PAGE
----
The International Journal of Neuropsychopharmacology

Research Article

Interacting effects of CRHR1 gene and stressful life events on drinking initiation and progression among 19-year-olds

Brigitte Schmida1, Dorothea Blomeyera1, Jens Treutleina2, Ulrich S. Zimmermanna3a4, Arlette F. Buchmanna1a4, Martin H. Schmidta1, Günter Essera5, Marcella Rietschela2, Tobias Banaschewskia1, Gunter Schumanna6 and Manfred Lauchta1a5 c1

a1 Department of Child and Adolescent Psychiatry and Psychotherapy, Central Institute of Mental Health, Mannheim, Germany

a2 Molecular Genetics Laboratory, Central Institute of Mental Health, Mannheim, Germany

a3 Department of Psychiatry and Psychotherapy, University Hospital Carl Gustav Carus, Dresden, Germany

a4 Department of Addictive Behaviour and Addiction Medicine, Central Institute of Mental Health, Mannheim, Germany

a5 Department of Psychology, Division of Clinical Psychology, University of Potsdam, Potsdam, Germany

a6 Section of Addiction Biology, Division of Psychological Medicine, Institute of Psychiatry, King's College, London, UK

Abstract

Research in animals and first results in adolescents have indicated that genetic variation in the corticotropin-releasing hormone receptor 1 (CRHR1) is associated with heavy alcohol consumption related to stress. The purpose of this study was to determine whether two haplotype-tagging single nucleotide polymorphisms covering the CRHR1 gene (rs242938, rs1876831) interact with stressful life events affecting age at drinking initiation and alcohol consumption in young adults. Participants were drawn from the Mannheim Study of Children at Risk, an epidemiological cohort study following the outcome of early risk factors. Structured interviews were administered to 270 participants (125 males, 145 females) at 15 yr and 19 yr to assess age at first drinking and, at 19 yr, to assess current drinking and recent stressful life events. Life events during childhood and child psychopathology were measured using standardized parent interviews. Results indicated that, even after control for a range of confounders, higher numbers of stressful life events prior to drinking onset were significantly related to earlier age at first drink only among homozygotes for the C allele of rs1876831. Earlier age at drinking onset was significantly associated with higher consumption levels in 19-yr-olds. Furthermore, homozygotes of the rs1876831 C allele as well as carriers of the rs242938 A allele, when exposed to stress, exhibited significantly higher drinking activity than carriers of other alleles. These findings extend previous reports by demonstrating that the CRHR1 gene and stressful life events interact to predict both drinking initiation in adolescence and progression of heavy alcohol use in young adulthood.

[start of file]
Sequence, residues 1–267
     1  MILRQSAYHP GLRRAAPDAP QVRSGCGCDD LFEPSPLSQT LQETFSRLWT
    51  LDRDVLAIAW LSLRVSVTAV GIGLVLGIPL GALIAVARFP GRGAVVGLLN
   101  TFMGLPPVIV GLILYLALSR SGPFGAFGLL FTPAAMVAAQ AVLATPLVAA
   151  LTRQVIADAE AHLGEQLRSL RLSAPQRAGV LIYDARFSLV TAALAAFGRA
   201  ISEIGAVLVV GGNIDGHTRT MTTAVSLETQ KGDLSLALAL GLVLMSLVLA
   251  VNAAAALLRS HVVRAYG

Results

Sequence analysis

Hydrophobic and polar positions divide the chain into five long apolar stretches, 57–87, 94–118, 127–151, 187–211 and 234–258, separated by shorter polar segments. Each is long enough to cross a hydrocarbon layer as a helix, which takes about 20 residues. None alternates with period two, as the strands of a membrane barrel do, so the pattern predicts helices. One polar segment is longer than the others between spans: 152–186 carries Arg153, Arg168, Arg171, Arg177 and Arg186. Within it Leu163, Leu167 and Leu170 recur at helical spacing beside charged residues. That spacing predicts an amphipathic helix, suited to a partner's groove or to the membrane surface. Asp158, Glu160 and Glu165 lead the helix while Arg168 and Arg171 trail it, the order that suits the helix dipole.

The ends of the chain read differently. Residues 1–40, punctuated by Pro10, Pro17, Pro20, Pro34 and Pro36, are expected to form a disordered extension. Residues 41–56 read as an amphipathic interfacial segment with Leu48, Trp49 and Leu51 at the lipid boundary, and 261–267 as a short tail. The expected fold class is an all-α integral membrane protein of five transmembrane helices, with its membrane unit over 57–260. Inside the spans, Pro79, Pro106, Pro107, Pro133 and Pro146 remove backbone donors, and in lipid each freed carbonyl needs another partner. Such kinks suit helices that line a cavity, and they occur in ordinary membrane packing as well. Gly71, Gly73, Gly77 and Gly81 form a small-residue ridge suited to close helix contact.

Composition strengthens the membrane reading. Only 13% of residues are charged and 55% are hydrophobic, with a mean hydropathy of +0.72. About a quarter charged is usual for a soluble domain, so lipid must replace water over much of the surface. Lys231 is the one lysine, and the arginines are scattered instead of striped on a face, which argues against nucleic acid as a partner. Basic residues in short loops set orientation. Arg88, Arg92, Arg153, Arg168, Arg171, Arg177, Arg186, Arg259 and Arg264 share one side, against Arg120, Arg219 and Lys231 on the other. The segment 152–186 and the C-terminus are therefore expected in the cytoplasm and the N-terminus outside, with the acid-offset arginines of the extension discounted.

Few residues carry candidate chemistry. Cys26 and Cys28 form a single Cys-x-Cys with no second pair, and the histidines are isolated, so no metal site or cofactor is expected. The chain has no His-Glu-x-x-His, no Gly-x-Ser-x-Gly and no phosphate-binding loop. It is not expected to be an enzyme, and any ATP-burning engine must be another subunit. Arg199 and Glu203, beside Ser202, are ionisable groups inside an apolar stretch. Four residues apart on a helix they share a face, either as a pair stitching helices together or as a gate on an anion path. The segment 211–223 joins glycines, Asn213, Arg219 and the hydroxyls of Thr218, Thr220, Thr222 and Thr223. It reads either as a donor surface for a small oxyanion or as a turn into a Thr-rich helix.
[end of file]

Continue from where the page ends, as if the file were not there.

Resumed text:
(Received September 25 2008)

(Reviewed October 28 2008)

(Revised May 19 2009)

(Accepted June 12 2009)

(Online publication July 17 2009)

Correspondence:

c1 Address for correspondence: Prof. Dr. M. Laucht, Department of Child and Adolescent Psychiatry and Psychotherapy, Central Institute of Mental Health, J5, 68159 Mannheim, Germany. Tel.: +49 621/1703-4903 Fax: +49 621/1703-1205 Email: manfred.laucht@zi-mannheim.de

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